Without communication, there is no citizen science. What all citizen science projects have in common, is a need for good communication. Communicating to recruit, engage, inform and educate citizens. Even communicating to thank them for their contribution after your project ends. Communication is key in all steps of the project.
The time that you have to invest in communicating with your target audience must not be underrated. Communication in citizen science is not a onetime event at the start of the project. Communication is a constant; before the start of the project, to entice people into participating in your project; during the project to educate participants, to keep them motivated and to answer their questions... and especially, don't forget to thank the volunteers after the project ends and keep them posted on project results.
The Scivil working group Communication and Participation wrote a practical guide to communication and engagement in citizen science. Download the guide for free here.
Iedereen Wetenschapper (Everyone Scientist) and SciStarter
If you are looking for (Dutch-speaking) participants in Flanders or the Netherlands, a good way to start is to add your project to the website of Iedereen Wetenschapper (Everyone Scientist) IedereenWetenschapper.be. In doing so, your project will reach thousands of enthousiastic volunteers, for free! Iedereen Wetenschapper can also help set up communication channels such as a newsletter, a Facebook page or by publishing an ad in the EOS magazine.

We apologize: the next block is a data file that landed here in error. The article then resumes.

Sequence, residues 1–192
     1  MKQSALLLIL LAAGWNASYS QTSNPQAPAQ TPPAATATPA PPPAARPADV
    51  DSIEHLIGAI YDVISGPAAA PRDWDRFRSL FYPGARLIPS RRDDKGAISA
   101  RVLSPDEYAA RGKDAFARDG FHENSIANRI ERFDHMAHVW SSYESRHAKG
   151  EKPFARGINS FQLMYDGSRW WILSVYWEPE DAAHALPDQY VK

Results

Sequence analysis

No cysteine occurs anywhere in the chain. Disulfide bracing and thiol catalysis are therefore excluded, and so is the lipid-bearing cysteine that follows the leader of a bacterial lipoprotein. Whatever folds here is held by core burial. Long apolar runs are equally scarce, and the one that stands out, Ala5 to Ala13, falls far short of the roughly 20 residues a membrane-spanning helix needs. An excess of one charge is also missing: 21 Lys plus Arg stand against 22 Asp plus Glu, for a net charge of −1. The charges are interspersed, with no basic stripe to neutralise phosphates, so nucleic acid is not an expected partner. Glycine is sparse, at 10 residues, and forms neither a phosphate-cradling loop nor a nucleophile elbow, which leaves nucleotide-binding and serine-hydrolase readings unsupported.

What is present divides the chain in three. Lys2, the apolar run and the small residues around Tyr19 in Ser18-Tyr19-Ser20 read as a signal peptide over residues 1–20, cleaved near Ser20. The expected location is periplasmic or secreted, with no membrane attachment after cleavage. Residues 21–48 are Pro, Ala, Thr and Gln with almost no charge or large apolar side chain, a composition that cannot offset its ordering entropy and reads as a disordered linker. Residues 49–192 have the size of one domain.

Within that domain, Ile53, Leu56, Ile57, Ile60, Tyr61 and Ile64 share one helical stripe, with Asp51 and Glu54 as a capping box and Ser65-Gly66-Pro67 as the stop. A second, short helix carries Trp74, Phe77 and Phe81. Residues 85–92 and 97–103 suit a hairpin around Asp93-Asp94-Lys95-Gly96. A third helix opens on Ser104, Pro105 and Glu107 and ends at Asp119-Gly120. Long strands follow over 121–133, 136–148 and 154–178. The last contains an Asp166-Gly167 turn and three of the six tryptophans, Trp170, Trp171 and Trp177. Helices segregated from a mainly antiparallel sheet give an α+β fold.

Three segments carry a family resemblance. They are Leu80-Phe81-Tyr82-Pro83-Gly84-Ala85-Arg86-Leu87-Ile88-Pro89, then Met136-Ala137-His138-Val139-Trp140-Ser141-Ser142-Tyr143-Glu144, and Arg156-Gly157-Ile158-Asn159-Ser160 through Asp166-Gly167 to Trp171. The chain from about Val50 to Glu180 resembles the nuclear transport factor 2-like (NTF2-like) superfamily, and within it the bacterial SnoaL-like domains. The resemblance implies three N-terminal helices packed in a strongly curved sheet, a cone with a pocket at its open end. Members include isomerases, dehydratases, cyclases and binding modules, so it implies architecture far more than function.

If you are primarily looking for English-speaking participants, a good way to start is to add your project to the international platform SciStarter. Other countries also have similar platforms that promote citizen science projects; Denmark, Italy, Germany, Austria, Switzerland...
Emma Durham, Helen Baker, Matt Smith, Elizabeth Moore & Vicky Morgan, The BiodivERsA Stakeholder Engagement Handbook. (BiodivERsA, 2014)
Community Planning Toolkit: Community Engagement. (Community Places, 2014)
Hilary Geoghegan ea. Understanding motivations for citizen science. (UK Environmental Observation Framework, 2016)
Joe Cox, Eun Young Oh, Brooke Simmons e.a., Doing good online: the changing relationships between motivations, activity and retention among online volunteers. (Nonprofit and Voluntary Sector Quarterly, 2017)
Carina Veeckman, Sarah Talboom, Liesbeth Gijsel, Hilde Devoghel & Annelies Duerinckx, Communicatie bij burgerwetenschap. (Scivil, 2019) (Dutch)
Wessel Ganzevoort, & Riyan Van den Born, Citizen scientists: Een onderzoek naar de motivaties en visies op data delen van vrijwillige natuurwaarnemers. (Radboud University, 2016) (Dutch)